Four journalists and one sales assistant at the Annapolis-based Capital Gazette were shot dead while working in their office on Thursday while two sustained serious injuries.
The gunman, 38-year-old Jarrod Ramos, reportedly targeted the newspaper to retaliate after losing a years-long defamation case he brought against the paper. Ramos, who represented himself in court, claimed that the paper defamed him when they published details of his 2011 guilty plea in a stalking case – information that is public record.
Five innocent people are now dead because they had the bravery to dedicate themselves to publishing the truth; in other words, they did their jobs. And the Gazette continued to publish after the attack, in the wake of the deadliest episode for journalists in America since the terrorist attacks of September 11th, 2001.
•A sports reporter who mentored young journalists
•A reporter who was a Navy mom and church advisor
•A sales aide set to be married
•An editor coming off his 33rd wedding anniversary
•A writer who scrutinized council candidates like presidential candidates https://t.co/FClpnQj6IZ
— Mike Baker (@ByMikeBaker) June 29, 2018
As a team of college students who aspire to be, and in some cases already are, journalists, writers, broadcasters, and public sector workers, we at MediaFile are shaken to our core that the danger of our chosen profession is at an all-time high.
Historically, the press is the enemy of corruption and tyranny. Around the world journalists face grave peril for their efforts to spread truth under totalitarian regimes, investigate cartels, and expose threats to public safety. For hundreds of years, America has been an exception – rule of law has protected journalists from bodily harm and censorship even when their stories threaten the legitimacy of governments or enrage readers. Today, things are different. This was not just an attack on human life, but an attack on the First Amendment.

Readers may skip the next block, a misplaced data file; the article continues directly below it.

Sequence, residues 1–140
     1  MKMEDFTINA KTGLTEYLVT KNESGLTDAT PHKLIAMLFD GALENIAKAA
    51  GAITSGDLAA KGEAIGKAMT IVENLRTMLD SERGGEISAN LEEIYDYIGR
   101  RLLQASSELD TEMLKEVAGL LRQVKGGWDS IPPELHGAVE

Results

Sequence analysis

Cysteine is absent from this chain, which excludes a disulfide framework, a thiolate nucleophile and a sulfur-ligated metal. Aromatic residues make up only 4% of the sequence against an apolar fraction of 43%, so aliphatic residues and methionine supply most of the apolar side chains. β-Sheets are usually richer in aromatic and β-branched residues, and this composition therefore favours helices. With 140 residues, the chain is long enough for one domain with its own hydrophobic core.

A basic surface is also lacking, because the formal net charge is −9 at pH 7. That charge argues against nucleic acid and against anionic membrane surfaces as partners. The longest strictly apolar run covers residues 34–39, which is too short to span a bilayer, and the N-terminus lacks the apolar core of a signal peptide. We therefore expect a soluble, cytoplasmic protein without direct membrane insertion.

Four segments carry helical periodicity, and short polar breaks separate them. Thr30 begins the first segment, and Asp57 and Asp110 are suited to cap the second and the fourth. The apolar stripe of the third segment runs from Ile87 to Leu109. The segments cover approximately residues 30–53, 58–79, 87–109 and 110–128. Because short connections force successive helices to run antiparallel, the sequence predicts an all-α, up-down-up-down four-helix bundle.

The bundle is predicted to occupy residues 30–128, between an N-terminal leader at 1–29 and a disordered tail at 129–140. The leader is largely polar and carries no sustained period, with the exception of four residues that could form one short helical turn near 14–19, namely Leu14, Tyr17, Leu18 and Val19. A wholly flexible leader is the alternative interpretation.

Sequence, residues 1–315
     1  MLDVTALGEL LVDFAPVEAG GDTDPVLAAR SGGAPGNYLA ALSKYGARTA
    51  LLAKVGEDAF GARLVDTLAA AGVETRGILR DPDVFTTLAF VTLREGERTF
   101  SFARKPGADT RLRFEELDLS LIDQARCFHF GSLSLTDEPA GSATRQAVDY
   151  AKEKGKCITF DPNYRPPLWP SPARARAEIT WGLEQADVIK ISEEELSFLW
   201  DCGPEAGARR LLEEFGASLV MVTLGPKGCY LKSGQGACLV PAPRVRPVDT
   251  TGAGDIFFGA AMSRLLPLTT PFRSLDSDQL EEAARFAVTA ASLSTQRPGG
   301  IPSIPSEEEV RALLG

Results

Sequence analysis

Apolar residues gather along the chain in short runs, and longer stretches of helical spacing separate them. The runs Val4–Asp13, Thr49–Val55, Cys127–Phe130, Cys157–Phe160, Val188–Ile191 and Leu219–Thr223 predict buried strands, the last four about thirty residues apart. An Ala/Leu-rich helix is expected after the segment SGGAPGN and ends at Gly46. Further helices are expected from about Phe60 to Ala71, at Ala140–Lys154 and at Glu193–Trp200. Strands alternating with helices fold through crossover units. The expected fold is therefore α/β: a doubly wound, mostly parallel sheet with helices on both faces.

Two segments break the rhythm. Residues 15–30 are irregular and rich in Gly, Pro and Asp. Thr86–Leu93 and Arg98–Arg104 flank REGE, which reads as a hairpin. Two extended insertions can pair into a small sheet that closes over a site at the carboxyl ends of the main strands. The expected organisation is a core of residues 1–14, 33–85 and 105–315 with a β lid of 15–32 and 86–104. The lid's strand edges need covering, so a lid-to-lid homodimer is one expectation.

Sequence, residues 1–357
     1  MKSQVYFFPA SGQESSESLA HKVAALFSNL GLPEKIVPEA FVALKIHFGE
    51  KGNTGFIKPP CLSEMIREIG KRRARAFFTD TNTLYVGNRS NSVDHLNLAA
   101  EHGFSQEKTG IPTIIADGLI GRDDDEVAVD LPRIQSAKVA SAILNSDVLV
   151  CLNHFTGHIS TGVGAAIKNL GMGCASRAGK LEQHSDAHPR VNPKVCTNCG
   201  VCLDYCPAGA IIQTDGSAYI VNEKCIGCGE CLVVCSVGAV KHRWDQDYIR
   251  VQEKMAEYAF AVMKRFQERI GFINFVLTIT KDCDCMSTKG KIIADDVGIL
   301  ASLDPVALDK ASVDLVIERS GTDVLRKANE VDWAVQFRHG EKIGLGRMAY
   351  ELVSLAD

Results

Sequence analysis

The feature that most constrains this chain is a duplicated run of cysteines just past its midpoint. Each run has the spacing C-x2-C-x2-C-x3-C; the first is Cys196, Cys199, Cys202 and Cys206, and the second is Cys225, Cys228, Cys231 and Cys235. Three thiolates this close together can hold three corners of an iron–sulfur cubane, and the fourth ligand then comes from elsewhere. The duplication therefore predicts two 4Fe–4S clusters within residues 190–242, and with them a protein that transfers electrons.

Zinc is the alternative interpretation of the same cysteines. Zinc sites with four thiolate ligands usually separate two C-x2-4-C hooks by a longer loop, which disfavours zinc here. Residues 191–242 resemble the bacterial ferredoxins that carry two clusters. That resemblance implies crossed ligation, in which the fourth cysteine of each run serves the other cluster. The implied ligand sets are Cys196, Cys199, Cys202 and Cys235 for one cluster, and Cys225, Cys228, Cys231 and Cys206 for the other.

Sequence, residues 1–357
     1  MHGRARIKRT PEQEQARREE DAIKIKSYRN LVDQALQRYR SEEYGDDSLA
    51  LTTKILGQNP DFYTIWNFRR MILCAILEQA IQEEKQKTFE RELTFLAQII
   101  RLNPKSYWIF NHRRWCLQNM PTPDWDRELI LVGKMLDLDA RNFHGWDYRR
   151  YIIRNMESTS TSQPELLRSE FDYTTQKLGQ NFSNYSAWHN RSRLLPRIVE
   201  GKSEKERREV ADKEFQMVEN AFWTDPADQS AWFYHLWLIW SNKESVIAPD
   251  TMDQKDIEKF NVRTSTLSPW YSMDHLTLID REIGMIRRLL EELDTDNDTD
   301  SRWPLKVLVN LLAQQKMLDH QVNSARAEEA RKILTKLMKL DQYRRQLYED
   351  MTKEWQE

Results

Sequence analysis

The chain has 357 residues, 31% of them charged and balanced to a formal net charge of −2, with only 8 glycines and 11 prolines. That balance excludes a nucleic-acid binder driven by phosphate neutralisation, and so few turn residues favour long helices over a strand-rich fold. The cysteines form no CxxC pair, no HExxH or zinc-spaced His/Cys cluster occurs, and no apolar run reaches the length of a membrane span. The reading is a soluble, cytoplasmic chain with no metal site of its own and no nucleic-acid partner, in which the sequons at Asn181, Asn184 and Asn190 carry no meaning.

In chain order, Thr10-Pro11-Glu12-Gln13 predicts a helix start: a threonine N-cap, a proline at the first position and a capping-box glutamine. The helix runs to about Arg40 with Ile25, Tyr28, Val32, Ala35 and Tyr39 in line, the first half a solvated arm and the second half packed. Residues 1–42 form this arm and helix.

Anyone who is quick to place this blood directly on the hands of any elected official must remember there was obviously a personal vendetta held by Ramos that caused him to target these journalists. However, anyone who is unwilling to tie this violent incident to the current political environment in our country should reconsider.
Last week at a campaign rally in South Carolina, the President of the United States told a raucous crowd that the free press was the “enemy of the American people.” This is not the first time he has made claims that journalists are malicious.
The FAKE NEWS media (failing @nytimes, @NBCNews, @ABC, @CBS, @CNN) is not my enemy, it is the enemy of the American People!
— Donald J. Trump (@realDonaldTrump) February 17, 2017
He has even tweeted a doctored video of him slamming and punching a wrestler labeled “CNN” to the ground, as well as a picture depicting a “Trump Train” running over a CNN reporter.